We decline to address the merits of these arguments. We assume arguendo and for purposes of our decision in the instant case only that a writ of prohibition is an acceptable method to challenge the respondent's administrative orders and related proceedings; and that the petitioner has standing to bring such a challenge.
Judicial Authority in Selection of Lower Court Facilities
We turn to the
substantive merits of the petitioner's challenge to the circuit court's actions in this
case. The petitioner contends that the circuit court does not have the authority to order
the petitioners to move the magistrate court and family law master offices.
The circuit court grounded its actions with respect to ordering the move of the magistrate court offices in W.Va. Code, 50-1-11 , that states in pertinent part:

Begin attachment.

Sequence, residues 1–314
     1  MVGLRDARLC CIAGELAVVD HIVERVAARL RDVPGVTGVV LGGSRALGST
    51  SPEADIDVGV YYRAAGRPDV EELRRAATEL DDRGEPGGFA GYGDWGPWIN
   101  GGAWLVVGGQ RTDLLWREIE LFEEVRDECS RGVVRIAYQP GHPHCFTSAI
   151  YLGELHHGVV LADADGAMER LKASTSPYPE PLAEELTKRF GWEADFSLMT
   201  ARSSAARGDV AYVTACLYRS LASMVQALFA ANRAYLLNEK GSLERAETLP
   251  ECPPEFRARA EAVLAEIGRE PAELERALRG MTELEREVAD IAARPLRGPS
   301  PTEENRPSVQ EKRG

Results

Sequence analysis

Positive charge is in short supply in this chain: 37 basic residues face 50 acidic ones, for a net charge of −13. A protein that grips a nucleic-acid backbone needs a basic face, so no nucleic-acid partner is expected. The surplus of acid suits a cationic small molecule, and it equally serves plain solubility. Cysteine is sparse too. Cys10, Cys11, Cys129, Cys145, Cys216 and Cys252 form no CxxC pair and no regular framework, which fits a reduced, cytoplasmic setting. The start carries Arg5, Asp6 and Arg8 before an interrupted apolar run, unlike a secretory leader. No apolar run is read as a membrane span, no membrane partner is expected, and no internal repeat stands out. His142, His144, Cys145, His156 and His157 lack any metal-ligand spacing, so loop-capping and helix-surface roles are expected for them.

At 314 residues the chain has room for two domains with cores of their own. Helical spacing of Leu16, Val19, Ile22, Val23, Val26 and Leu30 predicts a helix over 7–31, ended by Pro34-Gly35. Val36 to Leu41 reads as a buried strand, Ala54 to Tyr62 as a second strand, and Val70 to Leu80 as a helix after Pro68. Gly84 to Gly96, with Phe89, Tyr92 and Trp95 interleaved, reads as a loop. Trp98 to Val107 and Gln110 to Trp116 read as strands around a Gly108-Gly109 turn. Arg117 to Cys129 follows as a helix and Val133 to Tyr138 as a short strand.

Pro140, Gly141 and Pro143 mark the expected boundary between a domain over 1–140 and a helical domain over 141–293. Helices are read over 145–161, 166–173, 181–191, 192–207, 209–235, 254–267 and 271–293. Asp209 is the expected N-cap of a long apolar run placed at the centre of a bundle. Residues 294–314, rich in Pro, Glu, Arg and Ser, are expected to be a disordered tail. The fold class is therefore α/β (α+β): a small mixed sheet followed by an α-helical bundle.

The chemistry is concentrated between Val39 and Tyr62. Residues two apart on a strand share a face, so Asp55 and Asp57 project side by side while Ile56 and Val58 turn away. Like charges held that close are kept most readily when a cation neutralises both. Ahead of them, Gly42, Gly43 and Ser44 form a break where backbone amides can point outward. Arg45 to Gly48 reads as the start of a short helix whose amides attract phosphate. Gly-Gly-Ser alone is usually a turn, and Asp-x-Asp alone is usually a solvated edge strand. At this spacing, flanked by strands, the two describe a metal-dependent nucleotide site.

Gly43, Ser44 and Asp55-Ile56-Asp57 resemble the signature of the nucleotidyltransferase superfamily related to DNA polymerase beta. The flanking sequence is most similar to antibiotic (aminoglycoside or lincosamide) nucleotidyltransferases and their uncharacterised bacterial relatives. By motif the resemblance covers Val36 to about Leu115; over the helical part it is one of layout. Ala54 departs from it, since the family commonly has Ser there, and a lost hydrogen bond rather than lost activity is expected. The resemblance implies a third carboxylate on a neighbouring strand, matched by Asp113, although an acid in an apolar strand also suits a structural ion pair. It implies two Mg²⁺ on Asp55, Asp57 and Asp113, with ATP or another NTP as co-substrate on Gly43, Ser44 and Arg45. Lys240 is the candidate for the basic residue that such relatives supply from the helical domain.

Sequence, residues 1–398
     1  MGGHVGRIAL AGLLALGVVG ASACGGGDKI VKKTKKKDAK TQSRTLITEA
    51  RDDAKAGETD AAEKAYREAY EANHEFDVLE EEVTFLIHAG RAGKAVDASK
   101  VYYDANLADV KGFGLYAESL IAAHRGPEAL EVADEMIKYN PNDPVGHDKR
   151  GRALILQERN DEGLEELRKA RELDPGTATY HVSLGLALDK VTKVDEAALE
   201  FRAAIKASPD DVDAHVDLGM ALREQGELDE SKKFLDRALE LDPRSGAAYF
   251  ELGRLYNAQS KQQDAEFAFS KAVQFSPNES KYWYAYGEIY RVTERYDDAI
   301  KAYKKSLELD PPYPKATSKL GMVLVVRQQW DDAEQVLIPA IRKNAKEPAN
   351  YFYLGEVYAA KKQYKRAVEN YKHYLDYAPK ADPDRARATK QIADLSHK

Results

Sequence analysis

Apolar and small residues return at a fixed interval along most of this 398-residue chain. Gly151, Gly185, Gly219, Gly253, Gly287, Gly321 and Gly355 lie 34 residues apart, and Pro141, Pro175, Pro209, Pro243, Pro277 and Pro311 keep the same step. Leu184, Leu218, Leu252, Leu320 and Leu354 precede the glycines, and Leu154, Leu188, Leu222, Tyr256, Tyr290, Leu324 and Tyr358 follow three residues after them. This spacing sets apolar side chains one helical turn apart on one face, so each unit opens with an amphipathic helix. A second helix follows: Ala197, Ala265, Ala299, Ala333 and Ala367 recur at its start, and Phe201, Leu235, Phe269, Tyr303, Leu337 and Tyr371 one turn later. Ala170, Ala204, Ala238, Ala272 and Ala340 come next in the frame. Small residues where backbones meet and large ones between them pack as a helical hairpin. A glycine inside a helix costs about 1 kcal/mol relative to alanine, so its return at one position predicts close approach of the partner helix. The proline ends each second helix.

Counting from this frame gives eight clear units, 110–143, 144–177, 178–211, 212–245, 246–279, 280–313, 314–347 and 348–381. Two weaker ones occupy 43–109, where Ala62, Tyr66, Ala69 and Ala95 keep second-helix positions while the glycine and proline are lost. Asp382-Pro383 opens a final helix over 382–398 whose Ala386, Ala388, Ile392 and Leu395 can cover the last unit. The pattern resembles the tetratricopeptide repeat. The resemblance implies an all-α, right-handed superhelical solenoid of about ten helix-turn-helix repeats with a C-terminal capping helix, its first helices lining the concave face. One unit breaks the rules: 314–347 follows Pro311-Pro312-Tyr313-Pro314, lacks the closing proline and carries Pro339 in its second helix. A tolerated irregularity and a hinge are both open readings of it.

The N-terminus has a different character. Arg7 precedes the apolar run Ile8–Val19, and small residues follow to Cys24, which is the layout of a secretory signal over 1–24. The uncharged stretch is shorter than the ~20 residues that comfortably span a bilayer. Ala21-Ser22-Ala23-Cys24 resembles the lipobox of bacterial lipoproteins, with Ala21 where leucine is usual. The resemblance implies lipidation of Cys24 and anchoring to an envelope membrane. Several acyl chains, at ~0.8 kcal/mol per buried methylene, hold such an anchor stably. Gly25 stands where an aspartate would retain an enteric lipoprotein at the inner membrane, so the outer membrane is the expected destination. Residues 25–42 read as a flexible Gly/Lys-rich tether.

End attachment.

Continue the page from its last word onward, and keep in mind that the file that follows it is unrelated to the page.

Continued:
Subject to the rules of the supreme
court of appeals, the location of offices for magistrates shall be determined by order of
the judge of the circuit court, or the chief judge thereof if there is more than one judge
of the circuit court.
The respondent points to this statutory
language as clearly supporting the respondent's authority to move the magistrate court
from its current quarters. The petitioner does not present any substantial argument why
this language does not mean what it says, in stating that the determination of the
location of magistrate court offices shall be made by an order of the circuit judge.